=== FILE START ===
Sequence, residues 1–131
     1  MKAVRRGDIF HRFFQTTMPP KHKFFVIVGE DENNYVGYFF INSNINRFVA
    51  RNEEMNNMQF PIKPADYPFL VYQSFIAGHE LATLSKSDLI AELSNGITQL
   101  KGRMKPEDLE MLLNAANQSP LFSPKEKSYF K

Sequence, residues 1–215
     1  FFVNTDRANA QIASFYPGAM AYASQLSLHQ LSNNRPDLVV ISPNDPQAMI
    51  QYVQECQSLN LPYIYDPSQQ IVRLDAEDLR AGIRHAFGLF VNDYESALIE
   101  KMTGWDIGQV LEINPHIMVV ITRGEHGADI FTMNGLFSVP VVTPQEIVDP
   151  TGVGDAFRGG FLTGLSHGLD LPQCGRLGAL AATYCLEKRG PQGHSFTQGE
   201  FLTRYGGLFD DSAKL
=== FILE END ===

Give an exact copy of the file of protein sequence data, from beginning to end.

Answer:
Sequence, residues 1–131
     1  MKAVRRGDIF HRFFQTTMPP KHKFFVIVGE DENNYVGYFF INSNINRFVA
    51  RNEEMNNMQF PIKPADYPFL VYQSFIAGHE LATLSKSDLI AELSNGITQL
   101  KGRMKPEDLE MLLNAANQSP LFSPKEKSYF K

Sequence, residues 1–215
     1  FFVNTDRANA QIASFYPGAM AYASQLSLHQ LSNNRPDLVV ISPNDPQAMI
    51  QYVQECQSLN LPYIYDPSQQ IVRLDAEDLR AGIRHAFGLF VNDYESALIE
   101  KMTGWDIGQV LEINPHIMVV ITRGEHGADI FTMNGLFSVP VVTPQEIVDP
   151  TGVGDAFRGG FLTGLSHGLD LPQCGRLGAL AATYCLEKRG PQGHSFTQGE
   201  FLTRYGGLFD DSAKL